In J. D. Salinger’s novel The Catcher in the Rye, Robert Ackley is one of Holden’s senior colleagues at Pencey. Physically, Ackley is “one of these very, very tall, round-shouldered guys – he was about six four – with lousy teeth” (p. 20). One of the things that Holden focuses on is Ackley’s lack of personal hygiene and manners – like cutting his nails on the floor of Holden’s room (p. 25) – which makes him the target of his peers:
And they had this goddam secret fraternity that I was too yellow not to join. There was this one pimply, boring guy, Robert Ackley, that wanted to get in. He kept trying to join, and they wouldn't let him. Just because he was boring and pimply. (p. 180)
Besides Ackley’s disgusting personal habits and lack of hygiene, Holden also describes him as having “a terrible personality” (p. 20). He constantly barges into Holden’s room, picking up personal items and being oblivious of Holden’s constant hints that he should leave (p. 22). Nevertheless, his presence takes Holden’s mind off Stradlater’s date with Jane. Holden is also compassionate around him and, despite not liking him, he invites Ackley to the movies with him and another colleague. In the end, Holden reveals that he misses Ackley (p. 230) and his other colleagues at Pencey.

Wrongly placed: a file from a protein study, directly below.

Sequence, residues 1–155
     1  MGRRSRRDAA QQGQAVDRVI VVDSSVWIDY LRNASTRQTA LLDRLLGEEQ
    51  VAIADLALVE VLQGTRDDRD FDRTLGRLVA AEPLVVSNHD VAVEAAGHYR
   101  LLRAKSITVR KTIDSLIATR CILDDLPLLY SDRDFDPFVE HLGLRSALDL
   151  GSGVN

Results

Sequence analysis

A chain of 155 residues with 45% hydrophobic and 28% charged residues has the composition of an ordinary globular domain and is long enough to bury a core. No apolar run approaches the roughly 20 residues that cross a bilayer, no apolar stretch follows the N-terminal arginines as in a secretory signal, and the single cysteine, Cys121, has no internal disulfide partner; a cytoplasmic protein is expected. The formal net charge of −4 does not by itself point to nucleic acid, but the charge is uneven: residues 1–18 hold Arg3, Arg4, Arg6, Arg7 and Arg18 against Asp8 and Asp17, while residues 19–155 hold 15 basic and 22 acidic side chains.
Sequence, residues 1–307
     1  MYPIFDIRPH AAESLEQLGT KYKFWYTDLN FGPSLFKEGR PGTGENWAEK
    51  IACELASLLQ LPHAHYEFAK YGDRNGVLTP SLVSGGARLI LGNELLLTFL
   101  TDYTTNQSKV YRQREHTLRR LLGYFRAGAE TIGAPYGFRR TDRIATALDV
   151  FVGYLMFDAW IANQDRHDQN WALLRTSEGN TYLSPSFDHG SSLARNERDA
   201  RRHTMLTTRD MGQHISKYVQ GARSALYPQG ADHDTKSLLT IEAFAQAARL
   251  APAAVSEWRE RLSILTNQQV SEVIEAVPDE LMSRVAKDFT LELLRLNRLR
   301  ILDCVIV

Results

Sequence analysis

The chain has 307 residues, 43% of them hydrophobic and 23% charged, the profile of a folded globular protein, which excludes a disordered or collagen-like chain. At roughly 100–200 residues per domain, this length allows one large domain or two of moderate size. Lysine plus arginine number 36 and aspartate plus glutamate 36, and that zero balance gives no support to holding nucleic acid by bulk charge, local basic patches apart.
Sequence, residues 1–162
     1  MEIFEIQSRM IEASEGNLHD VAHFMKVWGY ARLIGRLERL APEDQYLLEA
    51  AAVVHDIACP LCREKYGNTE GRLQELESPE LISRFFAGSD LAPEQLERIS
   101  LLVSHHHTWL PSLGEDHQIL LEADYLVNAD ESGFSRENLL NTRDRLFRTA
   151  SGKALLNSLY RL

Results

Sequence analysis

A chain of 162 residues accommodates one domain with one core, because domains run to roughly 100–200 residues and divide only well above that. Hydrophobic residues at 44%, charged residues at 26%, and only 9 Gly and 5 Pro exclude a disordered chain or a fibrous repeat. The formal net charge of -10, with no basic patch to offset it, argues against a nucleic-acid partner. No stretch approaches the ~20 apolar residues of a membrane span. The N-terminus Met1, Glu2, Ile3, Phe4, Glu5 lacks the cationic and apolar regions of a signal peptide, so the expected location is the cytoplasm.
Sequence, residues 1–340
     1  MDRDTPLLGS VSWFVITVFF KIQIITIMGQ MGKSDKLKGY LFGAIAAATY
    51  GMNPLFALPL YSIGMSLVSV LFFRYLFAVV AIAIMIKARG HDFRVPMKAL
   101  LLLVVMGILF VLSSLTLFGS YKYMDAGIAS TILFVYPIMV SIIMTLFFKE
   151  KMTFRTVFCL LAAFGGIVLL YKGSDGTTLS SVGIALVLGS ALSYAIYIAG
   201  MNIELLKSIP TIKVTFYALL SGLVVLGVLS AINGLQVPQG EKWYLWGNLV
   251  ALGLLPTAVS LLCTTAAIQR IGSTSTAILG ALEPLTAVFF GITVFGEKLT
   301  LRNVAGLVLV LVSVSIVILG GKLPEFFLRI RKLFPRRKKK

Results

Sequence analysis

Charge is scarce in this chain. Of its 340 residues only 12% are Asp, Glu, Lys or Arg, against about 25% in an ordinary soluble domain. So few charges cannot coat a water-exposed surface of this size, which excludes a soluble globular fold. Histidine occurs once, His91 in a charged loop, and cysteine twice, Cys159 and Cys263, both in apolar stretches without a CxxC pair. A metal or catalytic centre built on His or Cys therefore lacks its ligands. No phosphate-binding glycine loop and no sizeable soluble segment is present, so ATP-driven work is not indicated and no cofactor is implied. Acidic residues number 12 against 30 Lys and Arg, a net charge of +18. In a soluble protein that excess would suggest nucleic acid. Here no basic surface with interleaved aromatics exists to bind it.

Carl Luce is Holden’s former colleague at Whooton School (p. 64). He is three years older than Holden and he currently goes to Columbia University (pp. 147-148). Holden recalls that, even though Luce was his Student Adviser at Whooton, his only concern was teaching the younger students about sex: “The only thing he ever did, though, was give these sex talks and all, late at night when there was a bunch of guys in his room. He knew quite a bit about sex, especially perverts and all” (p. 154). Luce’s sex stories are also the ones that scare Holden and that make him fear that he is going to become a homosexual.
Although Holden wants to reconnect with him, Carl Luce displays a more mature attitude and shows Holden that he is not in the mood for his childish questions: “Listen. Let's get one thing straight. I refuse to answer any typical Caulfield questions tonight. When in hell are you going to grow up?” (p. 157).
Carl Luce’s father is a psychoanalyst, so Luce advises Holden to seek professional help (pp. 159-160). However, Holden ignores his advice and they part ways. Luce’s presence in the novel highlights Holden’s cu...